Florence without David

Why We Missed Michelangelo’s Masterpiece

Images of Florence © 2014 Mufidah Kassalias

Despite his disproportionately large head and hands, Michelangelo’s David is one of the main attractions in Florence and, for some, a major reason to visit the capital city of Tuscany. Sure, his rear view is rather attractive, but after seeing the 1910 replica outside the Palazzo Vecchio, David’s original home — if not his intended one on the roofline of the Cathedral — neither of us felt moved to pay to see the real thing in the Galleria dell’Accademia. A somewhat sacrilegious decision? Not exactly.

David has become a cliché.

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Ich bin ein Berliner

No, Not a Jelly Donut but a Temporary Resident of Berlin

Reichstag Reflected in the Marie-Elisabeth-Lüders-Haus © 2014 Mufidah Kassalias

Reichstag Reflected in the Marie-Elisabeth-Lüders-Haus © 2014 Mufidah Kassalias

As a digital nomad I’m firm believer in getting to the heart of wherever I happen to be, making connections that go beyond the superficial and immersing myself in whatever it is that makes each place unique. I figure places are like people. Take the time to form deep connections and they’ll forever be a part of you. Even if you never have the opportunity to meet again.

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From Gaillac, France to San Casciano, Italy via the Côte d’Azur

Cannes, France © 2014 Mufidah Kassalias

Before day had broken on a mild mid-January morning in the South West of France, Sean and I were on the road once more.

After spending four-and-a-half months in a hamlet just outside of Gaillac in the Midi-Pyrénées region of France — where we embraced a hermit-like existence as dog carers and guardians of a 100-acre property nestled in the hills above the town — Sean and I have now moved on to the Tuscan village of San Casciano in Val di Pesa, 15km southwest of Florence.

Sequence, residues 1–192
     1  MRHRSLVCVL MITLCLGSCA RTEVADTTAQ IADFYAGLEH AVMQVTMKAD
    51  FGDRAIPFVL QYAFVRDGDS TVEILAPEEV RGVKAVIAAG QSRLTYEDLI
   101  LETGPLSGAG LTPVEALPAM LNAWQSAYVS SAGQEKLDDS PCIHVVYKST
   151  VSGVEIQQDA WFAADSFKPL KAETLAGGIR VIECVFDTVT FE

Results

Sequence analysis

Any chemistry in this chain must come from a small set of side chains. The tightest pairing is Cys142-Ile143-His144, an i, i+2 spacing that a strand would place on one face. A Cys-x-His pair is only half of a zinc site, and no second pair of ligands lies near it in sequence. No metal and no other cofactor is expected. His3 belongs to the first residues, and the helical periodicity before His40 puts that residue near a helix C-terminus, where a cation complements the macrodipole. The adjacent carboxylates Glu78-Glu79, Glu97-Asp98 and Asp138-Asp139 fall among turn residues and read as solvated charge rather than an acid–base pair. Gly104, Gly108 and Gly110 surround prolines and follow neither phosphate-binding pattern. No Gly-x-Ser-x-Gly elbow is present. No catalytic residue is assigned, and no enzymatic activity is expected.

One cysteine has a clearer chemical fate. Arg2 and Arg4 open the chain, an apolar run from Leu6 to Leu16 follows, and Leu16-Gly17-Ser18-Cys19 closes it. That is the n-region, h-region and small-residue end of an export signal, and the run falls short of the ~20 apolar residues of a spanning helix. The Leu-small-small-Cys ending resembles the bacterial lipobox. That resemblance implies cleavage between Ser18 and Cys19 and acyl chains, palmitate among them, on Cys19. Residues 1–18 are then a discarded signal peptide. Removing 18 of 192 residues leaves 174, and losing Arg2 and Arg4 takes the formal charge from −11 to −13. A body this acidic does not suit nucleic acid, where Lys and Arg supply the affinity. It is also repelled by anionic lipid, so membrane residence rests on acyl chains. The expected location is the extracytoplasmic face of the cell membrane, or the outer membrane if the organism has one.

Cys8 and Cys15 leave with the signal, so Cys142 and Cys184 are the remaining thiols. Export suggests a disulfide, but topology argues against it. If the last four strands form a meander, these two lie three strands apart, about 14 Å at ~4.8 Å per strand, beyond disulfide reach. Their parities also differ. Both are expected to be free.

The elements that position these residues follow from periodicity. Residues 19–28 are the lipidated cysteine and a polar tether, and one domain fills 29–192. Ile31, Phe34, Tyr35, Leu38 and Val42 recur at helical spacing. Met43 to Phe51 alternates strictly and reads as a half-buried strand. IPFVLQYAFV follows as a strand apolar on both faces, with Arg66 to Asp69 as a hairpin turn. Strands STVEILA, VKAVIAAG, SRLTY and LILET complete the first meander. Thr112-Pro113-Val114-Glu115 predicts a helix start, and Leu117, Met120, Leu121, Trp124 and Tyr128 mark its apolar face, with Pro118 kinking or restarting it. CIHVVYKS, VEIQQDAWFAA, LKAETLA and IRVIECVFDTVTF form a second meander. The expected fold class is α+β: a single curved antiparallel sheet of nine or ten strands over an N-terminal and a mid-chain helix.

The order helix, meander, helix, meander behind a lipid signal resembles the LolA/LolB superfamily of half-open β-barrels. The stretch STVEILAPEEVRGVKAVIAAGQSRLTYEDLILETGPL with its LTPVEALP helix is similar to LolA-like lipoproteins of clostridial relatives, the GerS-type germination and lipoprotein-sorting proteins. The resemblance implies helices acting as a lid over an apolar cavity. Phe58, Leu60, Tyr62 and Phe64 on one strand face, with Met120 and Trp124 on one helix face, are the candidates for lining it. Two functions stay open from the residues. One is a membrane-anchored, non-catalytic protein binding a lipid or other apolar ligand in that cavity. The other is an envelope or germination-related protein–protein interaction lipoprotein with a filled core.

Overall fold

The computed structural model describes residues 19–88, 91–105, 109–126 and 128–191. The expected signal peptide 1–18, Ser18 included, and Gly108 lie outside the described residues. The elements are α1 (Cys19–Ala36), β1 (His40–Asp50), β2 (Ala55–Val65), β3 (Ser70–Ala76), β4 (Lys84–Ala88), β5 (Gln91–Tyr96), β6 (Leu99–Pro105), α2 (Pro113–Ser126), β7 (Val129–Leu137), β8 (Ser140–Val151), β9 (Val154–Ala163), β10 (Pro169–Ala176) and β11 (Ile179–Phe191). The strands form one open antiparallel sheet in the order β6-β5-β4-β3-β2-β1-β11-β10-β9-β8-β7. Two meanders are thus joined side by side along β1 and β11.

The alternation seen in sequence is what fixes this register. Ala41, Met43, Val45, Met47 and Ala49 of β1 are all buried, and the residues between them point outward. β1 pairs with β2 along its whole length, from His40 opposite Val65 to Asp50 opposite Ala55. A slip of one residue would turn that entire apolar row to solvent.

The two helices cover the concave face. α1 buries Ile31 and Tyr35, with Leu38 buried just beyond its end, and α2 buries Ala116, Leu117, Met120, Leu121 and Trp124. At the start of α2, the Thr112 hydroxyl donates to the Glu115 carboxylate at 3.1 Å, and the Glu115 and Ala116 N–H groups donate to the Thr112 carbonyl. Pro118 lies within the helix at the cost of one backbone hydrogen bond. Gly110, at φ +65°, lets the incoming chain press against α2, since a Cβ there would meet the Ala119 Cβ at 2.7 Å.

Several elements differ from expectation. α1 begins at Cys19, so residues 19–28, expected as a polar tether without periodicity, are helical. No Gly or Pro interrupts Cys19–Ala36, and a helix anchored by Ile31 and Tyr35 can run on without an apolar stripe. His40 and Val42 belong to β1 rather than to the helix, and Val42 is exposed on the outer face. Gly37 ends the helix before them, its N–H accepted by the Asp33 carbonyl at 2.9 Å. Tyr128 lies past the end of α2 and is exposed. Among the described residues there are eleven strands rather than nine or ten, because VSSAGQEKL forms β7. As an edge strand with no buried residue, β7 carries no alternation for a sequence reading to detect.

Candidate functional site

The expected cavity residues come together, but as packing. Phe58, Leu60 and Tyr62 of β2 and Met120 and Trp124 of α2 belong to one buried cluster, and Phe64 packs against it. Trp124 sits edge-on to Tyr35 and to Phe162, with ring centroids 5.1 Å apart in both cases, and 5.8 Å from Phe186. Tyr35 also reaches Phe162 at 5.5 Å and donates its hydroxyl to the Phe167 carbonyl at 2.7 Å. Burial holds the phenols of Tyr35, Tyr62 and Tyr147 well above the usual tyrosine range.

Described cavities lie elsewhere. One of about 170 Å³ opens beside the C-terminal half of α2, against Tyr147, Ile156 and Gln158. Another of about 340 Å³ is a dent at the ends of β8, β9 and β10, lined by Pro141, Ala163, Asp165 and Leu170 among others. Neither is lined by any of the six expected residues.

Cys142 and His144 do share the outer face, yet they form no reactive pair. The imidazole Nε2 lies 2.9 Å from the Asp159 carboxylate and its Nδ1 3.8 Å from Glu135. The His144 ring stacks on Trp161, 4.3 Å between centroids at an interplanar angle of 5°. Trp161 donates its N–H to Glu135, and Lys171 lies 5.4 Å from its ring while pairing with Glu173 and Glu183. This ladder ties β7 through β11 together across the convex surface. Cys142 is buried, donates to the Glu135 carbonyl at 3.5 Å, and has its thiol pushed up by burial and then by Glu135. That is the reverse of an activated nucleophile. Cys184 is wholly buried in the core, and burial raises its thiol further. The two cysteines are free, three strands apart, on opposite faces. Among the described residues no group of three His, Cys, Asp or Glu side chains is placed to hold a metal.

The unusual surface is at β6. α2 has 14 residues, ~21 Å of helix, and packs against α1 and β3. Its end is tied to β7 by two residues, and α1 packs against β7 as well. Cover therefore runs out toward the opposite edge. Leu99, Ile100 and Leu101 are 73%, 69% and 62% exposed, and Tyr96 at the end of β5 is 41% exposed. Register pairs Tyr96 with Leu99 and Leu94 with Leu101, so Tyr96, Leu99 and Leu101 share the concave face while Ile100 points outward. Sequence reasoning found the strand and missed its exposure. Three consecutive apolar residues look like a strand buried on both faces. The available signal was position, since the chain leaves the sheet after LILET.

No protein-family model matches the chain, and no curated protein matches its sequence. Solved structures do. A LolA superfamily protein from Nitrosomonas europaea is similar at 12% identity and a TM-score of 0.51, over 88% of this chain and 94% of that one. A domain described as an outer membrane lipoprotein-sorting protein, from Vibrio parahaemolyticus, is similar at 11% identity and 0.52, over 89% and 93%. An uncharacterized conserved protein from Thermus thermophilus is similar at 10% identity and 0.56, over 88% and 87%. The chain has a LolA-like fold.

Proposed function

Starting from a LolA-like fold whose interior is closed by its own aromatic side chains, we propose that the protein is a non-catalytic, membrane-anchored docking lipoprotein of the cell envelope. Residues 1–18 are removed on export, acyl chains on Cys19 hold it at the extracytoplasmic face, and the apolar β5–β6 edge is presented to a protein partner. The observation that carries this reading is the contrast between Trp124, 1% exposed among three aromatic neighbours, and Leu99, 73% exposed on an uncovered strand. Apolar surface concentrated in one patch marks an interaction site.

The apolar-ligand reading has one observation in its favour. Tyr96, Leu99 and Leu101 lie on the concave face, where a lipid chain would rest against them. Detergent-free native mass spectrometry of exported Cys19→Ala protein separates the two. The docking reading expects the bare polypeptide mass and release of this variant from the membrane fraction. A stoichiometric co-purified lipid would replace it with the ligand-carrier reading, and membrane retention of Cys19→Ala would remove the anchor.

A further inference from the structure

Sunflower fields have been replaced by olive groves, but both landscapes are full of vineyards, Gaillac being one of the oldest wine-producing regions in France due to its location on the banks of the Tarn river, on the main route for transporting Roman wine to Bordeaux and Northern Europe in the first century, and San Casciano being in the south of the Colli Fiorentini (Florentine hills) area of the Chianti region. Continue reading

Burgos² — A Book of Instagram Photographs of Burgos, Spain

Images from Burgos²

Images from Burgos² © 2013 Mufidah Kassalias & Sean M. Madden

“Absolutely brilliant!! It’s a fantastic book, congratulations!
A very complete view on the city, its people and landscapes.”
— Héctor Jiménez, Diario de Burgos

In early December, Sean and I launched Burgos², our book of Instagram photographs of Burgos, Spain. The 144-page hardcover book contains 367 of our 1,400+ Instagram photos of Burgos, both city and province, and is available on Blurb, where you can preview the entire book (see Burgos2.com for direct links to the book page in the UK, U.S. and Spain stores).

These are the photographs which, in the words of Diario de Burgos journalist Héctor Jiménez, made us “famous on Burgos social networks more than a year ago,” and which inspired Jiménez to feature us in two separate articles — published exactly a year apart, on 25 November 2012 and 2013 — in the city and province’s main daily newspaper. Continue reading

Fog, Inverted

Pier and Poplars Inverted

Pier and Poplars, Inverted © 2013 Mufidah Kassalias

Yesterday we woke to a thick fog hanging in the valley, so I headed off with my camera to see what I could capture. I first edited the images as black and white, then inverted them. I’ve included both versions here as there are aspects of each that I like. Continue reading